Freshness of animal meat is an essential characteristic that determines its quality and safety. With advanced technology capable of preserving food for long periods of time, meat can be shipped around the world and eaten long after the animal has died. As the rate of global meat consumption increases, so does the demand for effective measures to age it.

Despite technological advances to keep meat as fresh as possible, some aging processes are inevitable. Adenosine triphosphate (ATP) is a molecule produced by respiration and is responsible for providing energy to cells. When an animal stops breathing, ATP synthesis also stops, and existing molecules break down into acids, first reducing taste and then safety. Hypoxanthine (HXA) and xanthine are intermediates in this transition. Their prevalence in meat indicates its freshness.

I AIP AdvancesFrom AIP Publishing, researchers from Vietnam Academy of Science and Technology, VNU University of Science, Hanoi University of Science and Technology, and Russian Academy of Sciences used graphene modified by zinc oxide nanoparticles to measure HXA. developed a biosensor using electrodes. The team demonstrated the sensor’s utility on pork.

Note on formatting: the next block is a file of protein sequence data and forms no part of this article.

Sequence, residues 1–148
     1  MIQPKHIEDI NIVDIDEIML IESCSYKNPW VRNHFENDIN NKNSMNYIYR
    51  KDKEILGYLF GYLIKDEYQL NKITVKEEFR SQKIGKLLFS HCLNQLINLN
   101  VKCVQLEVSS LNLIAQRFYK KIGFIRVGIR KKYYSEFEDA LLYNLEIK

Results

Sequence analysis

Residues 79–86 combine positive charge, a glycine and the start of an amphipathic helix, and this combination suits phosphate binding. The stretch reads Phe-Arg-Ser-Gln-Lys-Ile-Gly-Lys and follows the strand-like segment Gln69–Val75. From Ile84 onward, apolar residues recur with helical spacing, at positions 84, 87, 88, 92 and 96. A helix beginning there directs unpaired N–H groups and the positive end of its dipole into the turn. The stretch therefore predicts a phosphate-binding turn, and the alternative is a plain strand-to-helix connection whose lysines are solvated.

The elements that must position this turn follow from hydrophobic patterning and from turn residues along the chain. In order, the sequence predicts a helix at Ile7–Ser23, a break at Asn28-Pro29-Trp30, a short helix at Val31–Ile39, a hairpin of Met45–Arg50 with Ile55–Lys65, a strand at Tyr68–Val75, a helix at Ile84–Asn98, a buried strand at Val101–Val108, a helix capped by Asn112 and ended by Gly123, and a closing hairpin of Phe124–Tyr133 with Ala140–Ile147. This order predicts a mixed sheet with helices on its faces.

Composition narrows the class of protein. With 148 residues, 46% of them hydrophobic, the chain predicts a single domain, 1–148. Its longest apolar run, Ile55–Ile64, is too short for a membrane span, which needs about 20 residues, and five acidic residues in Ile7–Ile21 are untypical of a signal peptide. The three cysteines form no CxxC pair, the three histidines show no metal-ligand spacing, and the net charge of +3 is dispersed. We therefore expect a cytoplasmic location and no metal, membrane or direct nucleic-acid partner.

Although many HXA sensing methods currently exist, they can be expensive and time-consuming and require expertise.

“Compared to modern methods of food testing, such as high-performance liquid chromatography, gas chromatography, mass spectrometry, atomic and molecular spectroscopy, and nuclear magnetic resonance spectroscopy, biosensors such as our sensors in terms of time, portability, high sens. offer superior benefits from .selectivity,” said author Ngo Thi Hong Lee.

The sensor is fabricated using a polyimide film, which is converted to porous graphene using a pulsed laser. The incorporated zinc oxide nanoparticles attract HXA molecules to the electrode surface. When HXA interacts with the electrode, it oxidizes and transfers its electrons, increasing the voltage of the electrode. The linear relationship between HXA and voltage increase enables easy determination of HXA content.

To assess the sensor’s capability, the researchers tested the solution with a known amount of HXA. After the impressive performance, the researchers measured the functionality of the biosensor using pork tenderloins purchased from a supermarket. The sensor performed with greater than 98% accuracy, reasonable detection limit, and low detection limit.

“In Vietnam, pork is the most consumed meat,” Li said. “Therefore, monitoring the quality of pork in the food industry in our country is an important requirement, that’s why we prioritized it.”

More than just pork, any meat product can be tested with this biosensor.